Standardizing video conferencing security guidelines should be a top government priority

With more individuals working remotely over the past two years, the world has seen a rise in collaborative technologies, with meetings taking place via Zoom, Microsoft Teams and other platforms.

By: George Waller


But this trend has coincided with too many reports of lewd meeting interruptions and negative “Zoom Bombing” incidents, reaching a point where politicians have had to actually address these types of issues head-on.


Earlier this year, the government issued an executive order to bolster cyber defense and implement a zero trust approach, making it clear that the U.S. is looking much more closely at cybersecurity as a top national priority. But the world is changing fast, and when it comes to collaborative communication tools, organizations are still susceptible to the security flaws of the many widely used platforms. Now, many security industry experts are increasing their focus on addressing any and all of these potential vulnerabilities to ensure that proprietary data is protected by the most enhanced methods of technology.


With a global cultural shift towards a hybrid remote work dynamic, governments must continue to adapt to these new realities heading into next year. Agencies and public officials must be able to have extreme confidence in the security of the virtual meeting platforms they’re using to ensure critical information and sensitive discussions aren’t breached.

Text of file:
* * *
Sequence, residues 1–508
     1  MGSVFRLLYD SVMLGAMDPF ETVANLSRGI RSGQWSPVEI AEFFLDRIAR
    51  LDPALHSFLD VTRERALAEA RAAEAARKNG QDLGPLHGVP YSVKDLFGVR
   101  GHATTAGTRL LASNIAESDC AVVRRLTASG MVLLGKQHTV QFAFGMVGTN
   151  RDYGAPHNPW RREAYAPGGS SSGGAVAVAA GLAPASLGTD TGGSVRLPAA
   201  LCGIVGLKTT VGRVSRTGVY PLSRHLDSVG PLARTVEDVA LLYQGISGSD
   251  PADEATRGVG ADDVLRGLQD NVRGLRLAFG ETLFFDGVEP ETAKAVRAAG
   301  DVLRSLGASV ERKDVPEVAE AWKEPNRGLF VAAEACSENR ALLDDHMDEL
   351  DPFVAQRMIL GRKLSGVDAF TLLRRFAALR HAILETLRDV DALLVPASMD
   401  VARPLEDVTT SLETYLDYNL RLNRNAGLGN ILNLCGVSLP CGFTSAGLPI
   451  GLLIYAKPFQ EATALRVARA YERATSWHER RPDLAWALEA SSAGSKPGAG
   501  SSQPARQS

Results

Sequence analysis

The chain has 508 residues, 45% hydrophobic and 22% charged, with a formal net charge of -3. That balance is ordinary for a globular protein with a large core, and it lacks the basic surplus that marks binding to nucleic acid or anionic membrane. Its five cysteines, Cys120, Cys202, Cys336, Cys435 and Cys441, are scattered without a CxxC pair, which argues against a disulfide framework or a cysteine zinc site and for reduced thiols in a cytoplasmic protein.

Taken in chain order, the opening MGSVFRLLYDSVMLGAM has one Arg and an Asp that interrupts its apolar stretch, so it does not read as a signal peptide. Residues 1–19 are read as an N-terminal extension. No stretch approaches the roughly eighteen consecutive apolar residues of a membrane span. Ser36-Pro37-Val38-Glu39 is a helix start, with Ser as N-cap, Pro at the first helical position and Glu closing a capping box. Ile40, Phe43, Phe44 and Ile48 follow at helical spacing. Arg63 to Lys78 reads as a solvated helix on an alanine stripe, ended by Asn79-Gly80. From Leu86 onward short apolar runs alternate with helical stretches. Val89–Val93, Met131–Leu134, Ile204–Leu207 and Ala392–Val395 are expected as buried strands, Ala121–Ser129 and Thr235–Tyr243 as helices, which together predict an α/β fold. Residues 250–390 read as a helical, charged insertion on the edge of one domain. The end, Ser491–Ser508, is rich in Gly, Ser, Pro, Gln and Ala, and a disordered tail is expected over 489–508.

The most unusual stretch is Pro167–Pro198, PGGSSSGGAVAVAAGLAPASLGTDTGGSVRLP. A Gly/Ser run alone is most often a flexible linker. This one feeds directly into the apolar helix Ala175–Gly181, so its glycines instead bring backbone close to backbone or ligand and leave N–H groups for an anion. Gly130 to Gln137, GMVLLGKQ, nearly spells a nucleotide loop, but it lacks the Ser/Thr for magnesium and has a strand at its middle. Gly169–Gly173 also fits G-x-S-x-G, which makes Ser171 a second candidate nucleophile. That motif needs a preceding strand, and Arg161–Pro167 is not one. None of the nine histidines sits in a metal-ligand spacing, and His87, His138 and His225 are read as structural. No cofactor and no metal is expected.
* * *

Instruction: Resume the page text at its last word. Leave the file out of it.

Developing new recommendations and guidelines


Early on during the pandemic, federal officials saw a worrying trend in the rise in “video conferencing hijacking events,” which impacted schools, the financial industry, healthcare and other areas. This string of incidents led to the Department of Homeland Security issuing a direct warning to businesses and putting out an initial set of guidelines and best practices to help users understand the threat of cyberattacks and prevent hackers from getting into a meeting.


These early guidelines were a positive start but needed to go further in establishing robust meeting policies. Ideally, every video conferencing organizer should be able to classify the type of meeting to be able to determine whom to invite and control the access to information. This will allow government organizations to grant acceptable privileges to their teams, so they run the meeting in a secure way. It is now practical to secure video conferencing and protect all parties involved, even if malware or spyware has crept onto an individual’s computer or an organization’s network. With breaches and virtual meeting interruptions becoming more common, there is no excuse for government agencies to overlook this area of cybersecurity.


How platforms can bulk up on security


While the majority of competing video conferencing servi